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The World Health Organization (WHO) has designated 2020 as the 'Year of the Nurse and Midwife', in honour of the 200th birth anniversary of Florence Nightingale.
Throughout the year, we will be offering an insight into nursing here at Royal Papworth Hospital and the different nursing careers available, celebrating the skill and diversity of our staff, by featuring one nurse each month.
For February, we spent time with Marian Vidal Bermudez. Marian is originally from Spain and now works in the operating theatres here at Royal Papworth Hospital.
Name: Marian Vidal Bermudez
Job title: Trainee Surgical Care Practitioner
How long have you worked at Royal Papworth Hospital?
Six years, since January 2014.
When and where did you train for your nursing degree?
I completed my nursing degree studies in 2007 at Murcia University (Spain).
Why did you want to become a nurse?
Before I got to university I knew only one thing - that I would like to study something that would let me help people in the future. I eventually decided that nursing was the right choice.
I believe that when you care about people, nursing is a good career.
What other hospitals have you worked at?
When living in Murcia, I worked mainly in two university hospitals: Morales Meseguer General University Hospital and Queen Sofia General Hospital.
My first experience as a nurse in the UK was in 2011 when I worked at St Thomas’ Hospital for six months. The experience was so positive that I decided to come back after two years with my partner to stay.
What other jobs have you had?
I have worked as a nurse in different environments such as accident and emergency and in an intensive care unit. Emergency medicine and taking care of deteriorating patients has always been my passion.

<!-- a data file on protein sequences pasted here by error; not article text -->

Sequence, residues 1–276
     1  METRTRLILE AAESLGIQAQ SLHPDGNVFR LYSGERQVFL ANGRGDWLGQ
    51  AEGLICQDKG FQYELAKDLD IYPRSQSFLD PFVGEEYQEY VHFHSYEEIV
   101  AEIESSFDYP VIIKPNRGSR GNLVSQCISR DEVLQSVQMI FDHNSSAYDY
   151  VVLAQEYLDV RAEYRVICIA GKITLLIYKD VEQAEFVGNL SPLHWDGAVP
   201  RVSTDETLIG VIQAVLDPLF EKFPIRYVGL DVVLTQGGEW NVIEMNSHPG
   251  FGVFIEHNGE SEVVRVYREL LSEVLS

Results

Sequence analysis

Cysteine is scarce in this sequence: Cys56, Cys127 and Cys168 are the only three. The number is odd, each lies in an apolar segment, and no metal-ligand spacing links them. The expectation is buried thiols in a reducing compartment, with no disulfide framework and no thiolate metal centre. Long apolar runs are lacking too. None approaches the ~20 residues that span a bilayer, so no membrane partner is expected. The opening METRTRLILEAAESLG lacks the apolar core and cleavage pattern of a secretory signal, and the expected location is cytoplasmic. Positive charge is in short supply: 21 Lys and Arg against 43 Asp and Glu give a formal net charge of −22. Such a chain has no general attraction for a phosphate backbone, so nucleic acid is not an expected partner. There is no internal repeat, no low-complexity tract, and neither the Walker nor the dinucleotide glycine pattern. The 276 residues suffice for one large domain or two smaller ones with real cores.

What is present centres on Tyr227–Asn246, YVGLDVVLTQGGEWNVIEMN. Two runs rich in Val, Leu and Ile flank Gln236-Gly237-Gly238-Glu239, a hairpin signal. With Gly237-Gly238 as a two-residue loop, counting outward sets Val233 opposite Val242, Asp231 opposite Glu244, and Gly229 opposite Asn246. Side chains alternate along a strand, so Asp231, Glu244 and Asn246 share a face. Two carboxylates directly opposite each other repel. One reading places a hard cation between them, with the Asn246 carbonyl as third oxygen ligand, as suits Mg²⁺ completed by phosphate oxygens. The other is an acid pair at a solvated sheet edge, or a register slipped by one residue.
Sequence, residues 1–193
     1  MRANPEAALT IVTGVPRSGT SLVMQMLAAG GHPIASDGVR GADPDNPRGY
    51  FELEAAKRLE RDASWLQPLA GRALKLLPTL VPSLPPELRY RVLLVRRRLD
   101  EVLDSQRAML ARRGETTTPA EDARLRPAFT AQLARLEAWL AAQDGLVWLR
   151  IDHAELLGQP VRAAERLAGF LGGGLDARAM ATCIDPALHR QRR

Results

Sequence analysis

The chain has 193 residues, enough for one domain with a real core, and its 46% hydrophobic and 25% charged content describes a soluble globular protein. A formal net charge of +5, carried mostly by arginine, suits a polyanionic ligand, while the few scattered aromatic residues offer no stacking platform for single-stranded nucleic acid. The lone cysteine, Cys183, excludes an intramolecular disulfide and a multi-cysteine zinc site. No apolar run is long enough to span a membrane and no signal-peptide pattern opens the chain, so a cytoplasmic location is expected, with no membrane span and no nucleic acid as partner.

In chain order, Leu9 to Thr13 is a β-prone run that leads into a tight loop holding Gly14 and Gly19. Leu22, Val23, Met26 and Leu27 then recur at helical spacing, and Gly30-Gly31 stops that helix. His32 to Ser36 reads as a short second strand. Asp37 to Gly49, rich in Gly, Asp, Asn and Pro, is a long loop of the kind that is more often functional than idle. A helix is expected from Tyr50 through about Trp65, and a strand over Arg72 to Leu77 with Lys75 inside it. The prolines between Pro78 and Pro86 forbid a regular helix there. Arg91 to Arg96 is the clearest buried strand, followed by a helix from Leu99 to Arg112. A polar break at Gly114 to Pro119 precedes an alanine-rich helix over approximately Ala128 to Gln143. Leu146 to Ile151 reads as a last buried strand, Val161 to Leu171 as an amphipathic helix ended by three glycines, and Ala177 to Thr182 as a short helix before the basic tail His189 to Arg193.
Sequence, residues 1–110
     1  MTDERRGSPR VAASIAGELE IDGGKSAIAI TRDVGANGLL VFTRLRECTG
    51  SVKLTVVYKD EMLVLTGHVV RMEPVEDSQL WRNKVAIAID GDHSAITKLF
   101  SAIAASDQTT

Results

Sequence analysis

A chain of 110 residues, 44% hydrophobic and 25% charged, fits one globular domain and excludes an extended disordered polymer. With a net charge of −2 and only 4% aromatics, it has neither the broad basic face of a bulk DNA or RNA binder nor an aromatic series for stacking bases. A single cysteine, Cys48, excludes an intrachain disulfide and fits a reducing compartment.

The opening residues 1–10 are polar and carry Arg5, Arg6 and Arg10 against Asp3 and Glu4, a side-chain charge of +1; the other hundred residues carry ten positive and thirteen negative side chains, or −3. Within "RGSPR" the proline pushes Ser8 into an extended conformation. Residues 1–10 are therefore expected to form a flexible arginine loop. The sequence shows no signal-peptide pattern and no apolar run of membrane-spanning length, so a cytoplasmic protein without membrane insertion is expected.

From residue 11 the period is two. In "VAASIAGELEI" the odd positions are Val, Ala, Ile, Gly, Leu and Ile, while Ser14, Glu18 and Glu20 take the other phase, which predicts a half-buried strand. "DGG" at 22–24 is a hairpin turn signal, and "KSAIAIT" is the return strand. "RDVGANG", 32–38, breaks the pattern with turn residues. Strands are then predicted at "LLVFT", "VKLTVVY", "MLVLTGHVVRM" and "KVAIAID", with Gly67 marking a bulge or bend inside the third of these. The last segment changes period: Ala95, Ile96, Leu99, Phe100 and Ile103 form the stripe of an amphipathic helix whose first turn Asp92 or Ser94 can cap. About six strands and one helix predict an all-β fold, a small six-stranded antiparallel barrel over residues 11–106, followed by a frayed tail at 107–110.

Having said that, I also had a marvellous chance to work in primary care and speciality inpatient wards such as cardiac medicine and elderly care.
What does your job involve? What are your main responsibilities?
My current job is trainee surgical practitioner. I am based in theatres, where I can harvest conduits for coronary bypass grafting and assist surgeons on a variety of cardiothoracic procedures.
My short-term objective currently is to gain experience on the pre-assessment clinic where I can get more involved with the patient pathway pre- and post-surgery.
I find it very motivating to be involved in all the stages of patient care, not only when staying as inpatients but also before admission and after discharge.
I work within a highly functional multidisciplinary team whose only objective is to be an advocate for the patient and improve their experience in healthcare.
Tell us one interesting fact about yourself…
An interesting fact about myself is that I believe in the healing power of laughter. If I die tomorrow I would be famous for always having a smile on my face and trying to make everyone laugh.
What do you love most about nursing?
What I probably like the most is helping people. It is very rewarding to make a difference in someone’s life.
Our job has a big impact on people’s lives, from the community sites where they have access to primary care to hospital environments when they need support through their admission.
When I think about nursing, this quote always comes to my mind:
“Nurses are there when the last breath is taken and nurses are there when first breath is taken. Although it is more enjoyable to celebrate the birth, it is just as important to comfort in death.”
What do you love most about your current role?
What I love the most and find very rewarding is to talk to my patients pre- and post-surgery. It is nice to listen and comfort them, answering doubts and reassuring them before surgery. Also, it is a pleasure to follow the recovery process up and see the improvement in their quality of life after discharge.
How has the profession changed over the years?
I think that our profession has been and will always be in constant change. Having said this, I believe the essence of nursing always remains, which is to care about people.
Over the years I have seen more and more opportunities for nurses to develop their potential within the specialities they like the most. One of the main changes that I have noticed in nursing recently is that the NHS now supports solid career progression plans by offering nurses post-graduate learning.
I have also noticed that the NHS cares for all managers by promoting leadership development in healthcare.
What (three, if possible) words would you use to describe nursing?
Passion, love and hard work.
>> March: Eamonn Gorman, Chief Nursing Information Officer